• The above does not just apply to Norm's plan, though. After finding out about the homes, Norm receives a pep-talk from Elizabeth. Keep in mind, he just got a pep-talk from Socrates less than two minutes beforehand who said nearly word-for-word the exact same thing. Many viewers note that it feels as if the writers were trying far too hard to give Elizabeth something to do besides having Norm's cubs at the end.
    • If you thought Greene couldn't be any more Obviously Evil, he does an over-the-top maniacal laugh when he sees the approval ratings hit their highest point.
  • Never Live It Down:
    • Norm is going to be known as "that polar bear who twerks a lot", even though Norm is only seen twerking twice and does much more than that in the film (said twerking was emphasized a lot in the film's ads, though).
    • The movie itself will be this for Splash Entertainment (formerly MoonScoop), as this is currently the company's only project to get released in several theaters, and it backfired horribly.
    • The film's also infamous for having a 0% rating on Rotten Tomatoes for quite some time. Eventually it got bumped to 9% note  but that still made NotN the lowest-scored animated film on Rotten Tomatoes until The Emoji Movie was released the next year.
  • Overshadowed by Controversy: If you're part of the rare few who found out about this film thanks to the reviews by Cartoon Palooza and/or Cinematic Excrement, you would know more about Rob Schneider's Twitter tirades where he said things that will not be discussed here than the film itself (in particular a Critical Research Failure-filled tweet about Rep. John Lewis).
  • Snark Bait: The film was absolutely savaged by critics, boasting a goose-egg on Rotten Tomatoes for a long time, and it would have been the first theatrically released animated filmnote  to score this rating on the websitenote . Several reviews have also noted that even children didn't enjoy the film.
  • Special Effect Failure:
    • Mr. Greene's hyperactive movements are clearly derivative of Chester V from Cloudy with a Chance of Meatballs 2, but since this film's animation is nowhere near as fluid as that one's, he practically becomes stop motion whenever he does them.
    • The texture used for the polar bears when they get soaked makes them look like plastic.
    • The lemmings do many cartoonish things over the course of the film, mostly derivative from the classic Looney Tunes shorts or the Minions, but when they move, they often look like they're haphazardly stretching the character models.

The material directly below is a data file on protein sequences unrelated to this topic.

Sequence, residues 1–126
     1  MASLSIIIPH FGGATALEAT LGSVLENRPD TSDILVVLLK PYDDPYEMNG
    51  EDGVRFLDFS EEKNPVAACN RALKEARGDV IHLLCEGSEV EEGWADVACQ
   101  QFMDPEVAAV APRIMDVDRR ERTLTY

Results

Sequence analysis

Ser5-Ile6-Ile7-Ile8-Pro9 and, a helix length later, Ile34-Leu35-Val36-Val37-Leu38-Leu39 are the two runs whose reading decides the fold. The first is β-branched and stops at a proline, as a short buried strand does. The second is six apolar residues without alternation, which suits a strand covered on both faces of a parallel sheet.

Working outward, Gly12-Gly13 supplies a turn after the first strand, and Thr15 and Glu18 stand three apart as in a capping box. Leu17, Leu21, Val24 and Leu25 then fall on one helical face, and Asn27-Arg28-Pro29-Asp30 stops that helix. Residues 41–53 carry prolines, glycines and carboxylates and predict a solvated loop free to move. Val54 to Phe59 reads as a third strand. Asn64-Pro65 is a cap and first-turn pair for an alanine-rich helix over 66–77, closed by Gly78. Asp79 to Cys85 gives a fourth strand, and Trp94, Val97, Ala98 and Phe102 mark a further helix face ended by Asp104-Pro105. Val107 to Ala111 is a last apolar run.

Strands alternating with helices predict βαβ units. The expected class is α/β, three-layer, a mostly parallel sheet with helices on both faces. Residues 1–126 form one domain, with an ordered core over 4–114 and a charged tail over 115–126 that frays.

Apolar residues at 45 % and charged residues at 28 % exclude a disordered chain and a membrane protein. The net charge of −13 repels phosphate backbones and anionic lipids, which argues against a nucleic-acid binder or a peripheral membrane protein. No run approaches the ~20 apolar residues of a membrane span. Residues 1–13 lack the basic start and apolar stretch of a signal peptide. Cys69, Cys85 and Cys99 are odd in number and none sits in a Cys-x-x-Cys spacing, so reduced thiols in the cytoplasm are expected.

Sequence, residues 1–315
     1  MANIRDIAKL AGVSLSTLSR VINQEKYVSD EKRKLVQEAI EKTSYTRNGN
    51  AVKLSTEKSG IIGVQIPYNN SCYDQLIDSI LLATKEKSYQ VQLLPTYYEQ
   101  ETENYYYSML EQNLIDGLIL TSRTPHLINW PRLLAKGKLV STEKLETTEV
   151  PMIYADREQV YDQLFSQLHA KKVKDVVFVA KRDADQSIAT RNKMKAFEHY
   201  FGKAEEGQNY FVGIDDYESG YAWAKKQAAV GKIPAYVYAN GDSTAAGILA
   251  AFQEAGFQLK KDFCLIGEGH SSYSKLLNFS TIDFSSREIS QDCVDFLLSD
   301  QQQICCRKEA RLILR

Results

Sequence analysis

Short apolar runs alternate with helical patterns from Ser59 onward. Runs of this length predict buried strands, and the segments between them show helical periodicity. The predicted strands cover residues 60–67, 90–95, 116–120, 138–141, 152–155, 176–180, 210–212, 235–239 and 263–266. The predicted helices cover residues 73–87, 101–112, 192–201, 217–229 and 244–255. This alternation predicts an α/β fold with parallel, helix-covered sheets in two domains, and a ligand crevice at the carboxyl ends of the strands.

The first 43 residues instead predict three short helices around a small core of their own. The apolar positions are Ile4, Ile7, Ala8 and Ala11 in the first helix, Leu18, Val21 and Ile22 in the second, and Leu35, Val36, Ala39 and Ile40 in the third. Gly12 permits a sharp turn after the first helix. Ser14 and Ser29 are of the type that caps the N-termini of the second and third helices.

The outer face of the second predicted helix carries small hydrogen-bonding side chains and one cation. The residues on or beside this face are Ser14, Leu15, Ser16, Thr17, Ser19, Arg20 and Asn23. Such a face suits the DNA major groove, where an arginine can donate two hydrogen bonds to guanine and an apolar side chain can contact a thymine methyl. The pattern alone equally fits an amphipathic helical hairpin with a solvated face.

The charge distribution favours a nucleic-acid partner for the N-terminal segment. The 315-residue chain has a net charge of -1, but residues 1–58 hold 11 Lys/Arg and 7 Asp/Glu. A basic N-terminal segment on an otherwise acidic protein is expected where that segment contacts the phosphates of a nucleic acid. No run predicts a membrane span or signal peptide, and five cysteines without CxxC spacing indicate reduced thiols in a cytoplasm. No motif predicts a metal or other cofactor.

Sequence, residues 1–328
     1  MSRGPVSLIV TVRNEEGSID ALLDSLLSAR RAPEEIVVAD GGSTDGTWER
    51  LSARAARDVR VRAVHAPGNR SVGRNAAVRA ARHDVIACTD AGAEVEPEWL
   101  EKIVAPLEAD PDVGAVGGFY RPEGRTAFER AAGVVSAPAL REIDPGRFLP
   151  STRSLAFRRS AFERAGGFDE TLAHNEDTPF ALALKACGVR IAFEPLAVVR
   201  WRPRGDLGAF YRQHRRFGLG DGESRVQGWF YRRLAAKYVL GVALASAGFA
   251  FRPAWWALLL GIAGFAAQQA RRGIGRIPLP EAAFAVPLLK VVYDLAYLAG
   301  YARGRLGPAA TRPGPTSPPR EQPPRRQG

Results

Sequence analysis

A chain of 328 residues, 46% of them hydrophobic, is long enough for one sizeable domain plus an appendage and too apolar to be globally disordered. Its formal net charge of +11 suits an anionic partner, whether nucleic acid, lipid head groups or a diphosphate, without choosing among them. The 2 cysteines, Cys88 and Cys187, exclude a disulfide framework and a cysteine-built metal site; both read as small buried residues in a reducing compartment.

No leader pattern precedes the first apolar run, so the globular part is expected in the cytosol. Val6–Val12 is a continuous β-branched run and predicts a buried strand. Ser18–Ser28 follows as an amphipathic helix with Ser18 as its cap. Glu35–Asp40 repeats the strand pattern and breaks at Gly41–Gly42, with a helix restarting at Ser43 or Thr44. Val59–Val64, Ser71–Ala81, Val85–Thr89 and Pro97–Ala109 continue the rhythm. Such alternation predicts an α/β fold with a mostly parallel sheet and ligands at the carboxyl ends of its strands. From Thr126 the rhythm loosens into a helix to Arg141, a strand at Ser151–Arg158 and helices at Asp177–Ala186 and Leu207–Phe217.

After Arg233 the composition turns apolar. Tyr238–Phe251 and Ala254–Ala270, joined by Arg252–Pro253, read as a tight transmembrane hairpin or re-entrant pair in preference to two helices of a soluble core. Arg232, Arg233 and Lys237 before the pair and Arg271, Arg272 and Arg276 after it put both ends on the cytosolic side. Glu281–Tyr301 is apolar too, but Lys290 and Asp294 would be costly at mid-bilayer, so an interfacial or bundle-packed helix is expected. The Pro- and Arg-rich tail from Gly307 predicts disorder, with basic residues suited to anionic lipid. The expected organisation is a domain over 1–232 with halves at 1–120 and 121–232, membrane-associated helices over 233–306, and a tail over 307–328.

• When Norm flips Vera and Mr. Greene upside down, their hair remains in place instead of hanging down.
  • Spiritual Successor: Is this the final evolution of Norman Jewison's cursed production Atuk? If so, good riddance.
  • Squick:
  • Tainted by the Preview: The film's trailer was met with more dislikes than likes overall on YouTube, due to showcasing many of the film's problems, such as its abysmal animation, its constant references to pop culture, and the fact that it stars Rob Schneider. This got to the point that Lionsgate eventually disabled the comments and ratings bar for it.
  • They Copied It, So It Sucks!: AniMat and countless other reviewers have criticized the film for ripping off the Minions from Despicable Me with the Lemmings characters. It was so bad that it got to the point where one reviewer spent a small portion of his video defending the Minions.
  • They Wasted a Perfectly Good Character: Elizabeth, Norm's girlfriend. Norm clearly has a crush on her, and she was also the only character (alongside Socrates) who encouraged him to head to New York City, and believed him about the humans' plans. She could've tagged along with Norm and the two could've had a heartwarming, deep romance subplot. Instead, she's Put on a Bus, and demoted to a Designated Love Interest who exists solely to have Norm's cubs at the end.
  • They Wasted a Perfectly Good Plot:
    • The film never explains how Norm and his grandfather acquired their gift to be able to speak to humans. This was one of the few movies to deconstruct feral animals who somehow have the ability to talk to humans, which could've easily led to an interesting backstory further digging into Norm's history. Instead, the movie gives us an Info Dump backstory in the first act explaining Norm's gift, then quickly moves on.
    • The movie could have been improved if they gave a reason why they needed houses in the Arctic, but the only reason we get is that the story demands it.
      • For that matter, why go with houses in the first place? Why not have Mr. Green be an oil tycoon and have him attempting to drill the arctic?
  • Took the Bad Film Seriously: Though he probably only did it for a quick paycheck, you can tell Ken Jeong is at least trying to have fun with the role of Mr. Greene.
  • Uncanny Valley: A lot of critics have pointed out that the animation is (at best) unpleasant to look at, and that some of the character designs (especially for the humans) are awkward or poorly constructed:
    • The seals in particular look very disturbing in certain shots.
    • Elizabeth is an even better example of this trope, given that she's much less cartoony and stylized than the other characters, and consequently looks a lot creepier than the other polar bears.
  • What Do You Mean, It's for Kids?: The film suffers from the same problems as Foodfight!, since it was clearly aimed and marketed for young children, yet the raunchy humor and writing feel straight out of a PG-13 adult comedy.


Example of: